HR teams must follow best practices for investigating and addressing workplace harassment, and they need to take all digital aspects of the issue into consideration as well. "Make sure you have good retention policies for workplace emails, text messages and messaging platforms so that if you have an investigation and need to go back and see what went on, you're able to access those items as well," advises Natelson.

4. Expand channels for reporting an issue

Employees who experience harassment and work remotely may not be comfortable with reporting it. For example, an employee who would have relied on a face-to-face conversation with HR may look for digital alternatives.

Organizations that provide wider options for reporting are more likely to have affected individuals step forward. Accordingly, organizations should give all employees the ability to schedule a one-on-one video conference with HR, call HR or send an email to their manager or an HR representative.

What employees should do if they experience digital harassment

When you use digital technologies, there may be fewer bystanders or witnesses to harassing behavior. "Any type of documentation that the employee can put together is going to be critical, even if it's notes taken at the time when it happened to document what happened. Contemporaneous notes are a great way to ensure that you have some sort of documentation that can be relied on, and not just your account, which may be removed from the moment when something happened," advises Natelson.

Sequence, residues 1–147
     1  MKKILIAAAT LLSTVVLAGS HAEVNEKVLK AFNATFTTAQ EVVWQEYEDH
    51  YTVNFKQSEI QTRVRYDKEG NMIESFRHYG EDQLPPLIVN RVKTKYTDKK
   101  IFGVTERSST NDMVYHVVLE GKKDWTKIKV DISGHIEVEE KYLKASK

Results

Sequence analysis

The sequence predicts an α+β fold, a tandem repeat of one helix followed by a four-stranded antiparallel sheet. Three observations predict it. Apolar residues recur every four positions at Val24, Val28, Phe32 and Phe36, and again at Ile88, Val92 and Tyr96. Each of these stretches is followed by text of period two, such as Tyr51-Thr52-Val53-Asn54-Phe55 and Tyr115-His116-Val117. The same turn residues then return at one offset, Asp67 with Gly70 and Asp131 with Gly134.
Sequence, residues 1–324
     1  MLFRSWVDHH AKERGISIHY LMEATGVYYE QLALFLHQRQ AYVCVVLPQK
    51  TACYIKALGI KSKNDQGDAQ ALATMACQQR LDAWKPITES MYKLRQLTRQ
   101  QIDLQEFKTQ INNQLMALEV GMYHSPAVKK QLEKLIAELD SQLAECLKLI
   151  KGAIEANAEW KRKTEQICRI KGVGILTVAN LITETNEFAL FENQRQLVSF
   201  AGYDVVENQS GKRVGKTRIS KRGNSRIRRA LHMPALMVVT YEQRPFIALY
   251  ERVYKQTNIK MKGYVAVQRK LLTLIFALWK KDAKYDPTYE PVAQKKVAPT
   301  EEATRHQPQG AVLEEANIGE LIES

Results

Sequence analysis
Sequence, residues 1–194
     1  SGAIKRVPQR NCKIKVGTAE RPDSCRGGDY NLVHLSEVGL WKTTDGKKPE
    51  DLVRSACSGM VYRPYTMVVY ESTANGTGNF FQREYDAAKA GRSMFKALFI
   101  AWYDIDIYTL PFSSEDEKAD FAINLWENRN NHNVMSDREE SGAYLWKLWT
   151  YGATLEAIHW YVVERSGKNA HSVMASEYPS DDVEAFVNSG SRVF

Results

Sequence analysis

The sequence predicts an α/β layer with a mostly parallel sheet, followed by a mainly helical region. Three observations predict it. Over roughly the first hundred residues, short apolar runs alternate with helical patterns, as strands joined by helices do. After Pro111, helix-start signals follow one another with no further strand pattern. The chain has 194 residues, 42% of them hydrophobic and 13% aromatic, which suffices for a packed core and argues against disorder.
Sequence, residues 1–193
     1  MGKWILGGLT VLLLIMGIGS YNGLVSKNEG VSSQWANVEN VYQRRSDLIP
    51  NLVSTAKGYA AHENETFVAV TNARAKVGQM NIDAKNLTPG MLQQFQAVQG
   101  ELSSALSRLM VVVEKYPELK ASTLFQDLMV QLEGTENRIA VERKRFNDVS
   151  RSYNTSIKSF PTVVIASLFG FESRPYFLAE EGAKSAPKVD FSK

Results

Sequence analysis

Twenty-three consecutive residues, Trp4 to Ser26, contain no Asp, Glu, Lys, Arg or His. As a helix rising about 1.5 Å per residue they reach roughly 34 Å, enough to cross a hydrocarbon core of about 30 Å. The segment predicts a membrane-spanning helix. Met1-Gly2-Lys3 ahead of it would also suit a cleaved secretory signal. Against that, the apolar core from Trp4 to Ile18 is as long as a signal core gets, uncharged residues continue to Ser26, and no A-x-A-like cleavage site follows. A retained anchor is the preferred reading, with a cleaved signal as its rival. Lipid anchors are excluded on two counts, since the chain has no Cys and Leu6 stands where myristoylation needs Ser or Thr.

It's also a good idea to keep a copy of all written correspondence related to an incident, such as the initial report to HR and any related conversations that follow.

Digital workplace harassment is a risk in remote and hybrid work environments. However, proactively acknowledging the issue, updating policies and training, and taking the time to educate managers and employees on this important issue can dramatically reduce these incidents. As organizations develop new strategies to ensure a flourishing culture in remote and hybrid work environments, digital harassment prevention must remain a critical consideration.

Take action:

Be sure your organization's policies and trainings are up-to-date. This article provides a valuable checklist, Employee Handbooks: 10 Must-Have Policies for 2022 and this article provides a good refresher on training to prevent sexual harassment - digital or otherwise, The Importance of Effective Sexual Harassment Prevention Training.